Wednesday, 2 May 2012

Insurance News - Wednesday, May 2, 2012

Why Fewer Car Thefts Doesn’t Mean Cheaper Car Insurance

Dramatic declines in car theft will not likely translate into cheaper car insurance, drivers may be sad to learn.

Diligent police work and new anti-theft devices have cut thefts by half, or about 9,800 cars per year in the Greater Toronto Area, for instance.

But when it comes to insurance, nearly a third of all car owners already pay nothing because they have no theft coverage, and those who do, pay very little for it.

The average premium for what’s called comprehensive coverage — for everything from theft to broken glass — was only $107 per car in Toronto, Peel and southern York regions in 2010, down from $134 in 2006.


Auto Insurance Rates Stabilizing

The average auto insurance premium in Ontario declined slightly last quarter – a sign that rates may finally be stabilizing after years of sky-high increases.

The Financial Services Commission of Ontario, the body that regulates auto insurance, said the average premium fell 0.18 per cent.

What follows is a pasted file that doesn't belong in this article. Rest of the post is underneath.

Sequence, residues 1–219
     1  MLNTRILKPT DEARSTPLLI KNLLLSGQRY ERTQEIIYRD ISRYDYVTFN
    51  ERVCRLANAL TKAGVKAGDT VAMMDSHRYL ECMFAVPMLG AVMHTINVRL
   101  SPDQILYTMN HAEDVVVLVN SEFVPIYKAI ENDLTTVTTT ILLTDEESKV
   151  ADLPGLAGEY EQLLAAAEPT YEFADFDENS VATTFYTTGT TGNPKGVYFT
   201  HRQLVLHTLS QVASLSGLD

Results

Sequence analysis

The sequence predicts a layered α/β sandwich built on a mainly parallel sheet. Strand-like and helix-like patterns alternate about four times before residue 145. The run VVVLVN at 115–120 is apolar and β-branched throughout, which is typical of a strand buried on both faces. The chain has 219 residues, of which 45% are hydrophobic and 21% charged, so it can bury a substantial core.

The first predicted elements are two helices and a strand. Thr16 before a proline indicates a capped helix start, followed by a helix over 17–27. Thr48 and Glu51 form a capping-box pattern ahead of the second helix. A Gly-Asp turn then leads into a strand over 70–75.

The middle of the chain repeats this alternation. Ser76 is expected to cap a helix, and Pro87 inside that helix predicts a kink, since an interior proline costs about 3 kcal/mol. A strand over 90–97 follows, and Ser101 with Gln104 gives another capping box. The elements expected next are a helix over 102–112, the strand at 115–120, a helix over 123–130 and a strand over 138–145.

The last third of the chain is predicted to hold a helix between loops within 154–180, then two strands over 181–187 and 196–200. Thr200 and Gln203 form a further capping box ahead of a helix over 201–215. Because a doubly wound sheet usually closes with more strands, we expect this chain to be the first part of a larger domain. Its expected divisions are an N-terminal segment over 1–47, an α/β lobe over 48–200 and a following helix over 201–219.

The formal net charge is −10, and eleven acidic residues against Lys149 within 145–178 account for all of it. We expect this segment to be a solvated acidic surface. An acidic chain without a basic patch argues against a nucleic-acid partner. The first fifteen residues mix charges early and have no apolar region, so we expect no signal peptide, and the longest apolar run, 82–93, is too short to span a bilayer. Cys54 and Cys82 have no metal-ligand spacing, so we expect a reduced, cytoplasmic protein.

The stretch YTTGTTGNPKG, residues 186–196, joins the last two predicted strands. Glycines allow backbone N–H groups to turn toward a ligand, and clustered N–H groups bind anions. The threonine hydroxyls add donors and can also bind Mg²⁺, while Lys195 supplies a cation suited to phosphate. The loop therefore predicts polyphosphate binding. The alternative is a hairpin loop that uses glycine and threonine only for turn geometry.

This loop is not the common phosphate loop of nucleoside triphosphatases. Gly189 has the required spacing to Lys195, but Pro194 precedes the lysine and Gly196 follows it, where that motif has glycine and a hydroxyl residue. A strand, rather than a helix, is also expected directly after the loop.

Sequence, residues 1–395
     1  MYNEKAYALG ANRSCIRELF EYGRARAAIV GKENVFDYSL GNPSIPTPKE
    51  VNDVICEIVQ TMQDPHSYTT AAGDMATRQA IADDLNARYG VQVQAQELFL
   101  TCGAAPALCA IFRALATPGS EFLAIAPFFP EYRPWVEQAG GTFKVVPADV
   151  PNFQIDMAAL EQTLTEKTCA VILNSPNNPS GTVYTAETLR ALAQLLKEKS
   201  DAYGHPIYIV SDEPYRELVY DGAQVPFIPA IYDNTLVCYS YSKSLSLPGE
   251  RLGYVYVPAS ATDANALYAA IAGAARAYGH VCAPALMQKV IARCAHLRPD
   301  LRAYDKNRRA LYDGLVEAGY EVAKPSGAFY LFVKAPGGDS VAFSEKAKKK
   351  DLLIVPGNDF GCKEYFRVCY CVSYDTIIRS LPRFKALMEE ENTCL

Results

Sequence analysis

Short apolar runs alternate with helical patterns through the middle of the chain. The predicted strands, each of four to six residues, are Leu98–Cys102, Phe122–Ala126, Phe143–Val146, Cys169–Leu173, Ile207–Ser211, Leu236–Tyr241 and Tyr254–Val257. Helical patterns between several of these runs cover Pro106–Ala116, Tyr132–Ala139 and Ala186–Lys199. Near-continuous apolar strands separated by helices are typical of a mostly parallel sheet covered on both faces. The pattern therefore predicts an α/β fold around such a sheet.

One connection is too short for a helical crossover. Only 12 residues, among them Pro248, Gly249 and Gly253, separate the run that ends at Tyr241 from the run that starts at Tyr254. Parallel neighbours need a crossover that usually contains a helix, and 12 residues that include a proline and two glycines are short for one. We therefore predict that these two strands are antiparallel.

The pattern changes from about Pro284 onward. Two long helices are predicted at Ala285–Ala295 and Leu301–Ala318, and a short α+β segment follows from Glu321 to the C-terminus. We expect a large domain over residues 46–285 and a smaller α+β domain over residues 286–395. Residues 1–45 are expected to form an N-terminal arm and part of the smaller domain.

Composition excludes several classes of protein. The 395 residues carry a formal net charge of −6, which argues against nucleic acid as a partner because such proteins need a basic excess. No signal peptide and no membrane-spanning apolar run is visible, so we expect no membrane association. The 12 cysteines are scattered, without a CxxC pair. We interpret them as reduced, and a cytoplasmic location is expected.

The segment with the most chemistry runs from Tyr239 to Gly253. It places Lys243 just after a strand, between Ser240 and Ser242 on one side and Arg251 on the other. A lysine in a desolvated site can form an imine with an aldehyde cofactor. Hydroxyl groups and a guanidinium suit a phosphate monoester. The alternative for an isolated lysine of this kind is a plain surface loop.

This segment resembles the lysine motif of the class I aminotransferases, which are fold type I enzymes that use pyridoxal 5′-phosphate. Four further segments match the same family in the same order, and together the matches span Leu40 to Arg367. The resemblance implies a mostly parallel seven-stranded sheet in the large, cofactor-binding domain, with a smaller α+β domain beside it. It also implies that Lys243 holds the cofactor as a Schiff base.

Ontario Sees Average Car Insurance Rates Go Down 3.6%

Ontario witnessed the largest reduction in car insurance rates among the three provinces considered in Kanetix Ltd.’s latest quarterly, year-over-year review.

Customers saw rates go down 3.6% compared with 2011 Q1, notes a statement from Kanetix, an online insurance marketplace. Suggesting an early positive trend fueled by Ontario’s auto reforms in 2010, the decrease is the first in more than a year.


FSCO's Settlement Disclosure Notice May Be Inadequate

A FSCO Arbitrator has ruled that the FSCO prescribed Settlement Disclosure Notice might be inadequate to effect settlement. In Parveen vs. Aviva, a preliminary issue was whether Ms. Parveen had rescinded her accident benefits settlement and was entitled to move to arbitration.

The Arbitrator found that important information in the Settlement Regulation was not conveyed by the text of the prescribed Settlement Disclosure Notice. Specifically, she noted that Paragraph 3 of subsection 9.1(3) of Ontario Regulation 664 sets out the information that must be included in the disclosure notice with respect to the right to rescind a settlement. It requires:

A statement that the insured person may, within two business days after the later of the day the insured person signs the disclosure notice and the day the insured person signs the release, rescind the settlement by delivering a written notice to the office of the insurer or its representative and returning any money received by the insured person as consideration for the settlement.

The arbitration decision is here.

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